Freeze drying, on the other hand, is a more involved, multi-step process. Similarly, though, the coffee is first reduced to an extract by eliminating as much water as possible through an evaporation process.

The product is then chilled at around 20°F, turning into a kind of coffee slushy. This coffee slushy is then chilled on a drum, tray, or belt at an even colder temperature of around -40°F until it freezes into slabs of ice. These slabs are then broken into granules and sent to a drying vacuum where the ice vaporizes and leaves behind instant coffee crystals.

Instant Coffee Powder vs. Crystals: What Are the Differences?

The primary distinction between instant coffee powder and crystals is how they’re processed.

The powder form of instant coffee is made using a spray drying technique. Instant coffee crystals are made using a freeze drying method.

Differences in taste? Freeze-dried instant coffee crystals have a better taste because of how they’re processed, whereas instant coffee powder has a tendency to have more of a burnt taste.

Apart from their texture and consistency differences, both are still produced from the same type of coffee beans—Arabica, Robusta, or a mixture of the two.

Even so, depending on the brand you buy, either might have unique coffee blends and/or origins. But the best instant coffee will be made from 100% Arabica beans, as they have a better, more well-rounded taste compared to the harsher nature of Robusta beans.

How To Make a Cup of Iced Coffee Using Instant Coffee

This recipe is extremely easy and tastes refreshingly amazing!

All you’ll need is:
  • 1 heaping Tbsp. of your favorite brand of instant coffee
  • 2/3 cup of milk (regular, soy, almond, etc.)
  • 1/3 cup filtered water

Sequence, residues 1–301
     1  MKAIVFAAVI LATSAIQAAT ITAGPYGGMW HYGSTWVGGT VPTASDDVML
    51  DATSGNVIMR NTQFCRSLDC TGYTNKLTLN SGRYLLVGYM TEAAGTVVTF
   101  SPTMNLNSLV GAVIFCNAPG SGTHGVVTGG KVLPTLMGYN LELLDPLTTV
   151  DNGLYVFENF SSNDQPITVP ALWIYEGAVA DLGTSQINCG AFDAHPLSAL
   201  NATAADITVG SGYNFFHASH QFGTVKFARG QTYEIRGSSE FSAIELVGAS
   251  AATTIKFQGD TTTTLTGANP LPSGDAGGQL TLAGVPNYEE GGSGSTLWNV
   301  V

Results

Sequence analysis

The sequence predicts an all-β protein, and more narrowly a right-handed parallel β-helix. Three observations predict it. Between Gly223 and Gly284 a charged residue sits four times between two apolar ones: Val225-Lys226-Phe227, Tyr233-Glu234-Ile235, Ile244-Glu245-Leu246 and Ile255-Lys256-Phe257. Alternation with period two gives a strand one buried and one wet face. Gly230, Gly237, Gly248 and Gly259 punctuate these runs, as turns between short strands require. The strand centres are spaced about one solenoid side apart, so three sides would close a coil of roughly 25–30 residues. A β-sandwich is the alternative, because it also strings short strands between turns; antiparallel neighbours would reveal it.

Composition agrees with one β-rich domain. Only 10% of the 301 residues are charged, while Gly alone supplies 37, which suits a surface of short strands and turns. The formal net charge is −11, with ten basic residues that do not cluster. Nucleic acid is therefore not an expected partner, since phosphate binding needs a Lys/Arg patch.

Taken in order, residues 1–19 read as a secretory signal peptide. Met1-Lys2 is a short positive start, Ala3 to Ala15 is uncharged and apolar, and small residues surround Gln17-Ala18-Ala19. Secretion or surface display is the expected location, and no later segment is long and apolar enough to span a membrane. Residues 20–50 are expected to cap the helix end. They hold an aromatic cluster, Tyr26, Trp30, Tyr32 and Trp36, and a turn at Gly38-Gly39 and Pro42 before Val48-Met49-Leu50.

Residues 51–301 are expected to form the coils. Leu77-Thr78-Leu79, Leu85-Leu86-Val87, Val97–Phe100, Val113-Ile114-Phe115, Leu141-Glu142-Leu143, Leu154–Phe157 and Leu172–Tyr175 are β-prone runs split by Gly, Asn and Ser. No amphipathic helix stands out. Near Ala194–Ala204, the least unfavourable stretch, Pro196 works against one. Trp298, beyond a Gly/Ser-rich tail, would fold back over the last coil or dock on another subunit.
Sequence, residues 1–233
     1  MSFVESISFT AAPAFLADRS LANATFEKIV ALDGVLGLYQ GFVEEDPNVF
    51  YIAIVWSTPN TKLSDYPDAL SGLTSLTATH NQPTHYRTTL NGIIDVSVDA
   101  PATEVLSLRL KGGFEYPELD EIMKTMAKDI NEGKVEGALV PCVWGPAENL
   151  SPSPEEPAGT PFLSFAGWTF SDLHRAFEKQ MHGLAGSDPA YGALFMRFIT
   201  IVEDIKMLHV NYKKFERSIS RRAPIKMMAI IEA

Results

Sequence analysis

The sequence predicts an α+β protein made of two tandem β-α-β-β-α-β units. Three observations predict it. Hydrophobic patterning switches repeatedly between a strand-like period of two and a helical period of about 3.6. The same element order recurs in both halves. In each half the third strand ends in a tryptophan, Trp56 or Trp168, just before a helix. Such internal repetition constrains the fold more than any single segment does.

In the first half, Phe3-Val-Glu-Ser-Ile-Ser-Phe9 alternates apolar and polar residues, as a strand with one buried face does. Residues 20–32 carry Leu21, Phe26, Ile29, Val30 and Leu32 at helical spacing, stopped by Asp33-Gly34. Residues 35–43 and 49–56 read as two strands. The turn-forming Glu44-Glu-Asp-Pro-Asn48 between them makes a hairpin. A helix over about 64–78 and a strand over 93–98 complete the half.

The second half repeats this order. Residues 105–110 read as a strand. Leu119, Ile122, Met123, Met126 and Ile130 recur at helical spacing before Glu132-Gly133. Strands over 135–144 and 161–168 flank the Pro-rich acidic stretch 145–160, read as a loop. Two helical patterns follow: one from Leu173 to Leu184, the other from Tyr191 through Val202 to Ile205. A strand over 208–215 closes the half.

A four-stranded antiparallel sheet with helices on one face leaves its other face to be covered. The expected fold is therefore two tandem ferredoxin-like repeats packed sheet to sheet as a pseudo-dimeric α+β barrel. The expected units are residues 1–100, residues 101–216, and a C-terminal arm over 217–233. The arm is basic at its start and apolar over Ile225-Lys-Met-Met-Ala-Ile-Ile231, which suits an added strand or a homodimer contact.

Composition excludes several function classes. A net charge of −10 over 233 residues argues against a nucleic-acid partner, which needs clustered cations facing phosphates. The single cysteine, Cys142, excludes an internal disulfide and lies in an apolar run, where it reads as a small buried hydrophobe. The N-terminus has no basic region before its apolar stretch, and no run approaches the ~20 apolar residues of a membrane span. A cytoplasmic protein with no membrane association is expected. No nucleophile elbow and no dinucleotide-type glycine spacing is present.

• Your favorite creamer or half and half
  • Ice cubes
  • Shaker cup
Fill up your shaker cup about 1/3 of the way with ice cubes.

Using a measuring cup, measure out the milk and water and add to shaker cup. Add the instant coffee and your favorite creamer to the shaker cup as well. Put the lid on it and shake vigorously for 30 seconds to 1 minute.

Pour into a separate glass with a straw or enjoy straight from your shaker cup!

Instant Conclusion

Instant coffee is a quick and convenient way to get your caffeine fix and can be used to make a wide variety of tasty coffee-based drinks and recipes.

While it’s true that instant coffee may dissolve faster in hot water, it is still possible to dissolve it in cold water, though a bit more time and effort may be needed.

In the end, instant coffee is a great option for those who don’t drink coffee every day, but still want to enjoy the beverage occasionally.

Ready for a cup of coffee?
Clint Doerfler
From a very young "growth-stunting" age, Clint Doerfler has had a deep-rooted love for coffee. As a result, he founded Coffee Gear Gurus® to share his passion for incredible home brewed coffee with others. When he's not watching true crime shows with family or playing music, he's devoted to helping fellow coffee feins make amazing coffee at home - regardless of their experience.
This article was last updated: August 2, 2022